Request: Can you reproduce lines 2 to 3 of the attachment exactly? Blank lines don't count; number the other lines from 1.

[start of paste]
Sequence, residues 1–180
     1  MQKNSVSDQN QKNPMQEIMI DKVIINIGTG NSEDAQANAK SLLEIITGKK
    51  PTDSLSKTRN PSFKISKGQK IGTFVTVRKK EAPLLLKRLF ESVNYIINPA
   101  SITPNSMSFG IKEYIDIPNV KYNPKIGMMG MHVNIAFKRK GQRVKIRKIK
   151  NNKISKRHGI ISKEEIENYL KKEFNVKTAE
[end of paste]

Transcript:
     1  MQKNSVSDQN QKNPMQEIMI DKVIINIGTG NSEDAQANAK SLLEIITGKK
    51  PTDSLSKTRN PSFKISKGQK IGTFVTVRKK EAPLLLKRLF ESVNYIINPA